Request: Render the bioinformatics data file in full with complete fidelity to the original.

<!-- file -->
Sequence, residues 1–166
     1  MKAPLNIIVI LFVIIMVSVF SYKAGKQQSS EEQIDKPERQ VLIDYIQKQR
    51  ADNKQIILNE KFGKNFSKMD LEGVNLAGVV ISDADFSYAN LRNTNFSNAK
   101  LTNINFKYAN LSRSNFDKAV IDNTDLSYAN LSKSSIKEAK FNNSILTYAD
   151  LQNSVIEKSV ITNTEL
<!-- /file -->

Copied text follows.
Sequence, residues 1–166
     1  MKAPLNIIVI LFVIIMVSVF SYKAGKQQSS EEQIDKPERQ VLIDYIQKQR
    51  ADNKQIILNE KFGKNFSKMD LEGVNLAGVV ISDADFSYAN LRNTNFSNAK
   101  LTNINFKYAN LSRSNFDKAV IDNTDLSYAN LSKSSIKEAK FNNSILTYAD
   151  LQNSVIEKSV ITNTEL